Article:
Measuring Canada’s Cannabis Economy

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If an agency of your government asked whether you had recently smoked a joint and how much you paid for it, would you tell it? Canada’s statistics agency, informally known as StatCan, is about to find out what that country’s citizens would do. On January 23rd it will invite Canadians to disclose their cannabis habits anonymously through an app. Its nosiness is entirely professional. Canada’s government, led by Justin Trudeau, plans to legalize the recreational use of cannabis by July 1st. StatCan needs reliable data in order to incorporate the newly respectable consumer-goods sector into national accounts.

Ever since Mr Trudeau said during the election campaign in 2015 that a Liberal government would legalize marijuana, discussion has focused on who would be authorized to sell it and what level of government would get the money from cannabis taxes. Government departments in charge of health, tax, security and others are changing procedures and reassigning bureaucrats to prepare for legalization.

StatCan has an especially tricky job. It has to estimate the contribution to the economy made by the production, distribution and sale of cannabis. To do that it must know what the cannabis economy looked like when lighting up was a crime. The last time Canada dealt with anything like this was in the 1920s, when prohibition ended and the Dominion Bureau of Statistics kept the national accounts.

“We can’t as national accountants just put in a number post-legalization,” says Jim Tebrake, the StatCan official in charge of accounting for cannabis. That would make it look like the economy had got a sudden boost from activity that was already going on illicitly. To avoid that, the agency needs to publish data going back to 1961, the base year for the accounts. It will incorporate the data into the official figures once it is confident they are reliable. While Uruguay and several American states, including California, have legalized cannabis, Canada’s statisticians are using neither country as a model. Once Canadians can get legally bombed, measuring the worth of indulgence will get easier.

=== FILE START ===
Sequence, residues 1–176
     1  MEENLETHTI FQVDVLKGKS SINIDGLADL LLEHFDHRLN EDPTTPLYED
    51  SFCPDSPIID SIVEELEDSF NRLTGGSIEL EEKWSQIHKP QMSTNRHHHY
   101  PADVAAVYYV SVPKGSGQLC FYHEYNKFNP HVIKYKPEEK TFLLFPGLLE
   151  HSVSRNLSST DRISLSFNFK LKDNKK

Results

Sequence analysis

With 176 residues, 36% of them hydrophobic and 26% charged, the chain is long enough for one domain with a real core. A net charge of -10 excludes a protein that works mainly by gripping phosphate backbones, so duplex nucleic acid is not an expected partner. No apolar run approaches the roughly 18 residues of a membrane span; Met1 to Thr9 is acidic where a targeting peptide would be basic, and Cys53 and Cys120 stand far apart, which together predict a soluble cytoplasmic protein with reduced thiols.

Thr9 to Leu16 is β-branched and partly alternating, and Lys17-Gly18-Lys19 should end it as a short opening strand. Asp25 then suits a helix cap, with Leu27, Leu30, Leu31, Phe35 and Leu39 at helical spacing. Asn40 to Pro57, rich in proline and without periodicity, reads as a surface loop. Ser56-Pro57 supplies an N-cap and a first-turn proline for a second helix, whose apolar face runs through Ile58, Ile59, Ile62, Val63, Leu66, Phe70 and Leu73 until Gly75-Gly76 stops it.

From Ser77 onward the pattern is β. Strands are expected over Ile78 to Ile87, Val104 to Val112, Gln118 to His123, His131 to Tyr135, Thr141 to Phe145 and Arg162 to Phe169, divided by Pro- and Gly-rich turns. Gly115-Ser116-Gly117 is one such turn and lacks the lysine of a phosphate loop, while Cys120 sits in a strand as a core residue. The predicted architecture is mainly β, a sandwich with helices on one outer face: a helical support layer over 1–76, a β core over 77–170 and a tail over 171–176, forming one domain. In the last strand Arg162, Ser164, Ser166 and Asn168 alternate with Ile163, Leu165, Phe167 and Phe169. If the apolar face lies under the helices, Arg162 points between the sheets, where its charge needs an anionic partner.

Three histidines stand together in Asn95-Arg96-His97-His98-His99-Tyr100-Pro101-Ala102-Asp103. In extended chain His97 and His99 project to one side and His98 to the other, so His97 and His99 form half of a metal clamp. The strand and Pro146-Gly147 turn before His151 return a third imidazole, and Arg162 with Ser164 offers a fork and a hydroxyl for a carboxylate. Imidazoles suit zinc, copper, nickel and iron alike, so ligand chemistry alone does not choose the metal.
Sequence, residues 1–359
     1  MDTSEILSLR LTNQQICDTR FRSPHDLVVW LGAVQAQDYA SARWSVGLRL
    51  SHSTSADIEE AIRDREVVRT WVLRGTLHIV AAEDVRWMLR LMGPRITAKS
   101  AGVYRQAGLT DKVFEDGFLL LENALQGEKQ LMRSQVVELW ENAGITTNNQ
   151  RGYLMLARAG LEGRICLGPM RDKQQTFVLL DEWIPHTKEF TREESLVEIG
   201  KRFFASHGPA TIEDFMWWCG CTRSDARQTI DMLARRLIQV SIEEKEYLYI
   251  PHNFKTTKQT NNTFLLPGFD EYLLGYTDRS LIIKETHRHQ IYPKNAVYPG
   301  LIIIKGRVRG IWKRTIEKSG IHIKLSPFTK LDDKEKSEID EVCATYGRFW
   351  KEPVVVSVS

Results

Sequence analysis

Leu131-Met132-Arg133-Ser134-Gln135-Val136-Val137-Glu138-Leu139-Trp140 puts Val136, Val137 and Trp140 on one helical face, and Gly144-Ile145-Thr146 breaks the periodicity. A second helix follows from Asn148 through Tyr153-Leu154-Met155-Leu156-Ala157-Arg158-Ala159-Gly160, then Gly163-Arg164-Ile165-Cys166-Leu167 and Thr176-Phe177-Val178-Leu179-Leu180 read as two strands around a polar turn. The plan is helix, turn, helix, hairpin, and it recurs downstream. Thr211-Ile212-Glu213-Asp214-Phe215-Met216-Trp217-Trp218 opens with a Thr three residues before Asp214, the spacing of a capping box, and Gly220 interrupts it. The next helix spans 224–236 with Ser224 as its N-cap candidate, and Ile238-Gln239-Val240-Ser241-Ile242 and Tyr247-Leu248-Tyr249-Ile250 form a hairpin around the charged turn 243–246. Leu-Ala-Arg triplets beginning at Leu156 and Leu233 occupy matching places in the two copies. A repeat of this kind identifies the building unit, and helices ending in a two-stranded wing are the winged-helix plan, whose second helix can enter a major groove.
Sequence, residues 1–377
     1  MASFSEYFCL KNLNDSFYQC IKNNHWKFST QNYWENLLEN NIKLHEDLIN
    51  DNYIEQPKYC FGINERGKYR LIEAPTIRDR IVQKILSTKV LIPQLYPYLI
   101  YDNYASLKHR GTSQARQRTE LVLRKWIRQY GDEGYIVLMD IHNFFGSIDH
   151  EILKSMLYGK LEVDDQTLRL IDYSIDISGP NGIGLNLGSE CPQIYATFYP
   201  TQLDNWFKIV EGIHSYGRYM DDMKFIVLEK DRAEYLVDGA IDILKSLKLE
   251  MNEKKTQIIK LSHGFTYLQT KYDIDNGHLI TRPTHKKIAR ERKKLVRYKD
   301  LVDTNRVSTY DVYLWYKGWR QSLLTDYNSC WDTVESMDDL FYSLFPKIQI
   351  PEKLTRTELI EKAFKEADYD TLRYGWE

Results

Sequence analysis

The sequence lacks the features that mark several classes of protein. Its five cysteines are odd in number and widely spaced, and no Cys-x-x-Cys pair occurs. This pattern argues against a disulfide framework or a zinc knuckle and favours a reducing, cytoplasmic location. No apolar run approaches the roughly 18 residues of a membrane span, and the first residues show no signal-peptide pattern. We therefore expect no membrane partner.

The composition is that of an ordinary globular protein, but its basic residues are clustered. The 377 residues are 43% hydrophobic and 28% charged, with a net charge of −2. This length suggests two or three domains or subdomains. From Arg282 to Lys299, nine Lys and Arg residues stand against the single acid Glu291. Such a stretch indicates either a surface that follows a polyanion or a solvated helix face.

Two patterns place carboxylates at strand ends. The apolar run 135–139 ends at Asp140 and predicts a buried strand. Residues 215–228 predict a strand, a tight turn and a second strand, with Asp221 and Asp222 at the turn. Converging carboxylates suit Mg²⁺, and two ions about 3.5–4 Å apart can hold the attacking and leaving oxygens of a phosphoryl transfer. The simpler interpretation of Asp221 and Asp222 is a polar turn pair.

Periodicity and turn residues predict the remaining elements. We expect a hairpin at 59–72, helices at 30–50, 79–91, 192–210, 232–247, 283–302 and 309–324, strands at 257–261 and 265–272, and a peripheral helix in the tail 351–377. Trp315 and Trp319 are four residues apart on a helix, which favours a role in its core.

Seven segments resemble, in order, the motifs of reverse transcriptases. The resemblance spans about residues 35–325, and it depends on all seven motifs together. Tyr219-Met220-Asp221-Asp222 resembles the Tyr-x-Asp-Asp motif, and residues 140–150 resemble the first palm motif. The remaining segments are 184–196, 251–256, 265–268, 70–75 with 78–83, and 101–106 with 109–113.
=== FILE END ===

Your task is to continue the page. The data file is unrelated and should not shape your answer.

Just hunting for past data can be risky, as a researcher in Parliament’s budget office discovered. The legislature’s technology unit spotted that he was looking at weedy websites and amassing files of fragrant data and shut down his computer account. He had to persuade the in-house detectives that his work was legitimate.

Production is the most difficult part of the cannabis value chain to measure. “The producers are harder to find than the customers,” says Mr Tebrake. That is mainly because, unless they grow the stuff for the legal medical-marijuana market, they are mainly career criminals. In the United States, undercover agents sometimes collect data on production. Canada relies on information from police and border officials on seizures of cannabis. But those data depend on whether the traffickers or the police get lucky in a given year.

Health surveys by StatCan and other agencies are one way to measure consumption, but people do not always tell the truth about such habits. To arrive at a dollar value for the market, statisticians need information about price, too. StatCan, along with other agencies, has turned to, where users anonymously post the amount, price and location of their purchases. The sample is far from perfect. The data come from just one source, and people who post on may not be representative. The website lists just the 15 most recent buys for each location.

To get around that problem, StatCan looked at information gleaned by Dark Crawler, a piece of software that can roam the web in search of priceofweed’s past data. To go further back in time, it is gathering data collected by academics, including Luca Giommoni, an expert in illicit markets from Cardiff University in Britain, and David Décary-Hétu of the University of Montreal. StatCan’s crowdsourcing app will supplement rather than replace the priceofweed information.

On the day StatCan releases the app, it will publish its first estimates of the cannabis economy dating back to 1961 on a new cannabis hub. It will have a space for anyone to suggest more accurate data. If people think the price is too low, they will be able to suggest tweaks, which would raise the value of the cannabis economy. People on the street have a lot of information, says Mr Tebrake. (If they can remember it.)

Parliament’s budget office made a first stab at estimating the size of the market: it guessed that in 2018 Canadians would spend C$4.2bn-6.2bn ($3.4bn-5bn) on cannabis, or about 0.2% of GDP. That is a little less than they spend on beer. Before incorporating its estimates into national accounts, StatCan has to figure out how much existing activity, such as electricity used by illicit “grow-ops”, is being used in the cannabis economy.

After legalization, StatCan plans to ask 10,000 households every three months how their behavior has changed. “We see it almost as our statistical duty to try to develop a data set to measure this event,” says Mr Tebrake. The agency’s work might help other countries contemplating legalization of black markets. The more smokers distort their perceptions of reality, the less statisticians can afford to do so.